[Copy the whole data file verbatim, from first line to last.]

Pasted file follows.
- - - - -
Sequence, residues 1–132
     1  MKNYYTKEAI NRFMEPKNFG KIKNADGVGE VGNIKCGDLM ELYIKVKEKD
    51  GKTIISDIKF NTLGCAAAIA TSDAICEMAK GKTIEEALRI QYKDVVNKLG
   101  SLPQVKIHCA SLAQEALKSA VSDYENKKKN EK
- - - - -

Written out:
Sequence, residues 1–132
     1  MKNYYTKEAI NRFMEPKNFG KIKNADGVGE VGNIKCGDLM ELYIKVKEKD
    51  GKTIISDIKF NTLGCAAAIA TSDAICEMAK GKTIEEALRI QYKDVVNKLG
   101  SLPQVKIHCA SLAQEALKSA VSDYENKKKN EK